I am a super grateful person to make art and music for a living! That’s all I can say at the end of the day.
Let’s get into your connection with the Grateful Dead…
When I was 13, I roadied for my uncle Dahr’s band ‘Titty Bingo’ at my father’s 4th of July picnic which was in Austin that year. Both Neil Young and Crazy Horse and the Dead headlined that year. I was right there on side stage breathing it all in the whole time. There was no filter, no screen to look through except my own mind. I can still smell the rain approaching. The Dead jammed for what seemed like hours. Mickey had his massive wall of drums. I remember distinctly Phil’s warm smile when he shook my hand. All the Heads and hippies and rednecks dancing in the mud. An epic musical journey unfolded that seemed to be laughing at time itself, or maybe laughing with it. The overall vibe somehow felt so familiar, almost nostalgic. Everyone was there, riding it. It definitely influenced me.
How does their iconic imagery appeal to you?
I’ve always felt that we are just passing through, that we don’t own this place or this skin, or anything really. You never see a hearse with a luggage rack, someone once said. I appreciate how the imagery of the Dead often presents a profound reverence and respect for death while simultaneously celebrating life. A light-hearted lesson in the temporality of everything. I dig that.
Given that the Dead do have a very specific aesthetic, what were some of the challenges (and rewards!) of creating the artwork for the 2015 Dave’s Picks series?
I love the cultural mythology of the Dead. My artwork tends to be very layered and multidimensional, and often pretty obscure so I appreciate the symbology of the whole Dead legacy. The history is epic and vast, like Lord of the Rings or something. I also like to use muted Earth tones in my work a lot, sometimes coffee or tea stains, etc, but this project demanded bright bold colors, which is something I’m not quite used to. Still, I’m loving the challenge. I like for my comfort zones to be tested and stretched. It keeps it real and fresh.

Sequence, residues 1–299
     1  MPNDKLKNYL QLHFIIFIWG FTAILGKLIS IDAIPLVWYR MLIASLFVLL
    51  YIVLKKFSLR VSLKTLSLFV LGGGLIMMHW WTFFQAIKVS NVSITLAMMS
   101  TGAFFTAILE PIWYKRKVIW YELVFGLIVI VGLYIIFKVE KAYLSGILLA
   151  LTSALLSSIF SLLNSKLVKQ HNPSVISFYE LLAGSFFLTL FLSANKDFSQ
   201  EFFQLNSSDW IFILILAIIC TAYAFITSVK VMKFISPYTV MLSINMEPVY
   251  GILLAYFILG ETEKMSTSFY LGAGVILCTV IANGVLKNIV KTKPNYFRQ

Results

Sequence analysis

What else is on your agenda for 2015?
I am currently making a record with Neil Young and will be collaborating with my friend, the great Gary Burden, on the album art as well! What an honor to call these folks my good friends and be a part of their life stories. We have been having a super great time hanging out and working with Neil – what an inspiring force to be around. I have nothing but respect for Neil. He also happens to be one of the funniest people alive and has basically adopted me and my brother and POTR as his band. What a trip! I’ve also been writing a new album with Insects vs Robots. We plan to record sometime this spring as well as well as play some shows at SXSW in Austin and possibly some shows opening for the band Tinariwen sometime this summer.If we get time, it would be great to make a music video too – we’ve got a million ideas and talented superfriends, but haven’t quite found the time to make it happen yet. I also plan to tour a bit with my father more this year playing in the family band. We did get to do one show with him a couple weeks ago while he was in town, which was wicked fun. I have been working on several a/v projects with my friend David Wexler aka ‘Strangeloop’ (Flying Lotus, Erykah Badu) and the whole Teaching Machine crew which I look forward to sharing with everyone. I’d like to find some time to make another Particle Kid record this year too, hopefully finish a record I started last year with Christy Smith and also finish the Lily Meola record that I’m producing. And then take a power nap.